Tropical Island Tastes in a Fruit Leather
(Bananas, Pineapple, Orange, Lemon, and Coconut)
Fruit leather is a chewy, dried fruit product, much like Fruit Roll-ups, that you can make at home with your dehydrator. Fruit leathers are made by pouring puréed fruit onto a flat surface for drying. When dried, the fruit is pulled from the surface and rolled. It gets the name “leather” from the fact that when puréed fruit is dried, it is shiny and has the texture of leather. Loved by kids of all ages, these are easy to make and quite tasty!
A wonderful Island taste that just screams “summertime”, this mix of tropical fruits is an enjoyable snack for any time you want to taste the fruit of the tropics. Try substituting chopped papaya, guava, mango or jeijoa for chopped fresh pineapple in this recipe—they all work.
To buy the bananas, you will need approximately 6 bananas to get 3 cups mashed. A 3-pound medium pineapple, when prepared, will yield about 4.5 cups (1065 ml) of cubes. One cup of fresh, peeled and cored pineapple that was cut into 1-inch (2.5 cm) pieces will weigh about 6 ounces (170g). For canned pineapple, 1x 29-ounce (850 ml) can of chunked or crushed pineapple is about 3-3/4 cups, drained.
By the way, the pineapple canning industry uses every bit of the “waste” for making alcohol, vinegar and animal feed; they throw out nothing. I dehydrate the pineapple skin and core and grind into a flavorful powder.
To learn about making fruit leathers in general, see Fruit Roll Ups Recipe.
For hacks to keep your leathers from sticking, see Food Stuck to Dehydrator Trays?
To make Fruit Leather in your oven, see Making Fruit Leathers in Your Oven.
To handle cracks and buckles in your Fruit Leathers, see Cracks in Your Fruit Leathers?
Tropical Delight Fruit Leather
This recipe makes:
2 full fruit leather trays for Excalibur-type dehydrators (box-shaped) or
3 full 15-inch fruit leather trays for Nesco-type dehydrators (round-shaped)
2 cups bananas, mashed
2 cups fresh pineapple chunks (or canned pineapple chunked or crushed and drained)
1 tablespoon orange peel, dried ground (or 1 tablespoon orange powder)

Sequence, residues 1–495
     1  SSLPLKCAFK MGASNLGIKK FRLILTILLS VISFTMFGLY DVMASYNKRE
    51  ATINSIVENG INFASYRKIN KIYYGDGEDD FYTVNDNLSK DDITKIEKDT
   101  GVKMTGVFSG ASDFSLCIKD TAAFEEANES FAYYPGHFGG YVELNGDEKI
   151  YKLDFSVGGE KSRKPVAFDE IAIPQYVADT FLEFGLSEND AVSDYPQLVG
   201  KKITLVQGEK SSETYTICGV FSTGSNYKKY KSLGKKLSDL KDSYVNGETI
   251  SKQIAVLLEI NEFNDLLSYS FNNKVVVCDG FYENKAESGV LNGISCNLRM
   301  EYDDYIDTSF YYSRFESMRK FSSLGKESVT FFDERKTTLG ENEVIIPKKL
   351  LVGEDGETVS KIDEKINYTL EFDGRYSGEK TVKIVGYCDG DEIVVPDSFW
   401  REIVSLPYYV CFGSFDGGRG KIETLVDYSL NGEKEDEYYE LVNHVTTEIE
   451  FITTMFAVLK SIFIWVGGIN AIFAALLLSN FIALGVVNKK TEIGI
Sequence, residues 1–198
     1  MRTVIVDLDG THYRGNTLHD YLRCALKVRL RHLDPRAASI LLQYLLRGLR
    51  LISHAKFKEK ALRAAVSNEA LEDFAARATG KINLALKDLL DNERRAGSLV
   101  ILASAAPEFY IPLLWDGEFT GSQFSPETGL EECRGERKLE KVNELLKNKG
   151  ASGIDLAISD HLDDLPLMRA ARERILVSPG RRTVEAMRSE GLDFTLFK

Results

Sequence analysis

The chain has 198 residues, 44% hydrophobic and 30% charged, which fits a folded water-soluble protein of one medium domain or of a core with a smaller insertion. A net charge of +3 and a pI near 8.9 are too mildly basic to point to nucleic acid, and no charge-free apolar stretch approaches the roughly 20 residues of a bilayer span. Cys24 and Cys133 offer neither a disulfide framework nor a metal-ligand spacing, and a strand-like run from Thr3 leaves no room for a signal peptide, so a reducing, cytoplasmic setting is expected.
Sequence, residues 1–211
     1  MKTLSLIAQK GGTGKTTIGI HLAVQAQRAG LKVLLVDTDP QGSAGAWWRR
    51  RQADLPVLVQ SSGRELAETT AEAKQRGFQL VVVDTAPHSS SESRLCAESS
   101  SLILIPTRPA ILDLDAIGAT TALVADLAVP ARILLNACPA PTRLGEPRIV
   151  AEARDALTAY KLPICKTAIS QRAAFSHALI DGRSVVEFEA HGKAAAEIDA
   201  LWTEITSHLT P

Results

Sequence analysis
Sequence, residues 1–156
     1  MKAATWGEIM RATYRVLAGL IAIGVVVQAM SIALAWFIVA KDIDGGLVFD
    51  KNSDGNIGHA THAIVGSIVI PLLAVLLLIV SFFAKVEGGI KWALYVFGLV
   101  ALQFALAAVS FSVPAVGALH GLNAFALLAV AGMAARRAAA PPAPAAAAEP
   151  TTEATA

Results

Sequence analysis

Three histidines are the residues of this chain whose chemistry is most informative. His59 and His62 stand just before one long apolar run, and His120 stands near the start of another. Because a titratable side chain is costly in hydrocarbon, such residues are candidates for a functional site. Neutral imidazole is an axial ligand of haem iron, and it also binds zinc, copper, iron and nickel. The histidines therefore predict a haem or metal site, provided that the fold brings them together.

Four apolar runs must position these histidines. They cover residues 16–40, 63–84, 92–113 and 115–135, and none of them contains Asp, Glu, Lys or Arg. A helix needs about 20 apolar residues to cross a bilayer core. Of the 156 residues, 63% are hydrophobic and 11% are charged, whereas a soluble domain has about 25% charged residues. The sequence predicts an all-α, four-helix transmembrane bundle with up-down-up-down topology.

2 teaspoons lemon juice (or 2 teaspoons lemon powder)
1/2 cup coconut flakes
- Select ripe or slightly overripe fruit. Wash fresh fruit in cool water. Remove peel and core. Cut fruit into chunks. Mash bananas. If using canned pineapple, drain juice before measuring. Save skin and core of fresh pineapple and dehydrate as well for pineapple powder if you wish.
- Using blade attachment in the food processor, blend all ingredients except coconut flakes until fruit until is smooth (or use a high-powered blender, processing in batches).
- Fruit leathers can be poured into a single large sheet (13″ X 15″) or into several smaller sizes. Spread purée evenly, about 1/8-1/4 inch thick, onto solid drying tray or line rimmed bare trays with a good grade of parchment paper. An offset spatula will help with evenness. Tamp the trays lightly on the countertop to help even out as well.
- Sprinkle coconut flakes over the fruit purée and gently press down into the leather.
- Avoid pouring purée too close to the edge of the trays. The larger fruit leathers take longer to dry. Approximate drying times are 6 to 8 hours in a dehydrator, up to 18 hours in an oven.
- Dry fruit leathers at 140°F/60°C. Flip the leathers halfway through to speed drying. Leather dries from the outside edge toward the center. Test for dryness by touching center of leather; no indentation should be evident.
- While warm, peel from trays and roll, allow to cool. Rewrap the roll in plastic or parchment after cutting with a pizza cutter or kitchen scissors. Cookie cutters are used to cut out shapes that children will enjoy.
Store in an airtight container. Chances are the fruit leather will not last long enough for storage. If it does, it will keep up to 1 month at room temperature.
For storage up to 1 year, place tightly wrapped rolls in the freezer.
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